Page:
This part comes later, at the check-out stage.
Potential customers will be asking themselves…
- How easy is it to return stuff? See the Bonobos return policy for an awesome example.
- Are they using Paypal or some other secure method of taking payments?
- How are they getting my products to me? UPS? USPS? FedEx?
Let’s be serious, these are things we do anyway to other people’s eCommerce stores so why should it be any different when people come to your site?
3. Make the Design Idiot-Proof
Great design experiences are simple.
Use standard web design templates for your first iteration. The only thing someone should be “learning” when they come to your eCommerce store is what you do and why you’re awesome.
The design of your website should almost be invisible and look very similar to the most successful ecommerce websites on the web right now. Here are some characteristics they all have:
- Top horizontal menu bar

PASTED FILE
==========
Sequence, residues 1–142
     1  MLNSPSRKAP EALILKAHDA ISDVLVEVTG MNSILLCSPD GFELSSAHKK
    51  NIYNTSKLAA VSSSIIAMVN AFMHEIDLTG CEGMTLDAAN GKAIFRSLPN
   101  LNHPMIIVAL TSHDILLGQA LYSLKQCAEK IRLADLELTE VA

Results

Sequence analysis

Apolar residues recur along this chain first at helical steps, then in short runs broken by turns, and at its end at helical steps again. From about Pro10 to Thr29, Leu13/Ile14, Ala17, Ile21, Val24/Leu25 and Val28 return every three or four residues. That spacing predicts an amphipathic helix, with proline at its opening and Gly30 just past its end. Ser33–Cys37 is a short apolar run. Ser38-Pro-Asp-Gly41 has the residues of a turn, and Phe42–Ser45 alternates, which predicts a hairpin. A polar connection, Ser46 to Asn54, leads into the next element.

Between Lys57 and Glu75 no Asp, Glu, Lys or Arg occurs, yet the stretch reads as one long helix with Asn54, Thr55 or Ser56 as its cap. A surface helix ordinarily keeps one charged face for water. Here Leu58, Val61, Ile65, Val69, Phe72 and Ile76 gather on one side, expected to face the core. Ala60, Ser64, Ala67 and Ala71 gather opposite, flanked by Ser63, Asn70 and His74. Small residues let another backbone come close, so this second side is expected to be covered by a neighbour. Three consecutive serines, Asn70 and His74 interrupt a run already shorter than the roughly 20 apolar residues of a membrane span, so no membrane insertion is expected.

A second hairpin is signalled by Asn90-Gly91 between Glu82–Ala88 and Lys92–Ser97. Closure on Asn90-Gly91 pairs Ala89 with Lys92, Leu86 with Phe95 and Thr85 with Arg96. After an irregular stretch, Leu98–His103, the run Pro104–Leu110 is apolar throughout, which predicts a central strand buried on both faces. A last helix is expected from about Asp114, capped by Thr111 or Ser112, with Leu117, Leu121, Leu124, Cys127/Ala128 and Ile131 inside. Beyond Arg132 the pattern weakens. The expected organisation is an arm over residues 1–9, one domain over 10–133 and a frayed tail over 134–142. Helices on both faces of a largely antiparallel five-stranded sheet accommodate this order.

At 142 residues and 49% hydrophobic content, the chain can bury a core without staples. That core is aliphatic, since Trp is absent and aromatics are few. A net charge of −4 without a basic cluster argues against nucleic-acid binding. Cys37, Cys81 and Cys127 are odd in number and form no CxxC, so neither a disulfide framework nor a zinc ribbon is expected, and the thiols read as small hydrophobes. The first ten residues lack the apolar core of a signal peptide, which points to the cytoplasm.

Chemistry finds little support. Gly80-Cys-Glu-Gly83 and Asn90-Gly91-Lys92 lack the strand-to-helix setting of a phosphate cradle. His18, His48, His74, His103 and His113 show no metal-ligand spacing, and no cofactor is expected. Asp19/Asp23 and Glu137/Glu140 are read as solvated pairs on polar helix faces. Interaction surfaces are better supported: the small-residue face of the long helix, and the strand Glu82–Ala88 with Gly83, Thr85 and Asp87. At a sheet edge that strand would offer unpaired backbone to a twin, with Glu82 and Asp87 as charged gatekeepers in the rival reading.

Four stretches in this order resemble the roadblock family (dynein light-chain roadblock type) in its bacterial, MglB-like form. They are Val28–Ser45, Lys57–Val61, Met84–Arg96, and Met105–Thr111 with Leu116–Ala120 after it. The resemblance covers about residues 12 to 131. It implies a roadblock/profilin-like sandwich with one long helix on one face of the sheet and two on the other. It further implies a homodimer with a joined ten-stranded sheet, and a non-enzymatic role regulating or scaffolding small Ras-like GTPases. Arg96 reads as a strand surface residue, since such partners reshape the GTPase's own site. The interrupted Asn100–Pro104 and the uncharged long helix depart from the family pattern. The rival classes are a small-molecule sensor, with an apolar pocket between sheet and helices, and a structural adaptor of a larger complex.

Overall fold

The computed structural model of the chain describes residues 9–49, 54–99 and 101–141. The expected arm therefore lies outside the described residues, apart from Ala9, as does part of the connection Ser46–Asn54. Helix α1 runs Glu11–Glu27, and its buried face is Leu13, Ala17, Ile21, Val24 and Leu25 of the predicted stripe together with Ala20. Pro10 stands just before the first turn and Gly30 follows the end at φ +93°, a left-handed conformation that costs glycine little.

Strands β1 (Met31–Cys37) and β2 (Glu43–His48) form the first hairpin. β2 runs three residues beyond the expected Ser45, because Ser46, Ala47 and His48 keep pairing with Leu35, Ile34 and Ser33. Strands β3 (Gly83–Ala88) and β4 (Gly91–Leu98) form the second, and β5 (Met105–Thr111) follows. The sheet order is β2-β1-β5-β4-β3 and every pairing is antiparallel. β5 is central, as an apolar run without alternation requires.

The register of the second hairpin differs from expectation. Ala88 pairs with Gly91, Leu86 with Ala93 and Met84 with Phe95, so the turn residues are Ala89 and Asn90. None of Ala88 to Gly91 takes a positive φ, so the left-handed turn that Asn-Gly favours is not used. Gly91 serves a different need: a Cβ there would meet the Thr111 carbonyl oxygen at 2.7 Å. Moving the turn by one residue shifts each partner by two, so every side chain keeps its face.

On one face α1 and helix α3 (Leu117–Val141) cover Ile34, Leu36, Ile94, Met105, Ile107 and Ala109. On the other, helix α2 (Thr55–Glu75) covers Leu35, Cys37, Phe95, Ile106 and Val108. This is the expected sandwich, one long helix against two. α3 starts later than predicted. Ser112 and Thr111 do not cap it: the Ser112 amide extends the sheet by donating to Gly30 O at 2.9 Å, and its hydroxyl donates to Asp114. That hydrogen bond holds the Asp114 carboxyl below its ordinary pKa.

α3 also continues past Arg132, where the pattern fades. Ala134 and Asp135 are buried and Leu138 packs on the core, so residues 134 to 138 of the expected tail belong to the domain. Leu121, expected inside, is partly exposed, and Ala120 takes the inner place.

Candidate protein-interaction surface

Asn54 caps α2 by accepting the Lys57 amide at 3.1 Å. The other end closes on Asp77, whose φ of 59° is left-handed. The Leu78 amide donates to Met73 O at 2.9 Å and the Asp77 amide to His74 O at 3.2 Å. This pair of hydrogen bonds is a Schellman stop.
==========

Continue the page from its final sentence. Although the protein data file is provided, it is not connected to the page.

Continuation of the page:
- Footer with legal, company info
- Instant social validators
- Banner photo with clear selling proposition
For more info, Joshua Porters has an awesome guide on the 10 Principles of User Experience Design.
Some of the best eCommerce stores I know of follow all of these principles. Here are two of my favorites:
Goldieblox is one of my favorite new companies of the year and has seen tremendous growth. They’ve been featured on Guardian, Good Morning America, Cnet and more and have seen a huge surge in sales. Here’s how they win with their eCommerce store design:
You’ll notice that the biggest players out there aren’t trying to recreate the wheel and introduce fancy new designs. They’re utilizing basic design principles so that the layout & template gets out of the way and the products can be showcased front and center.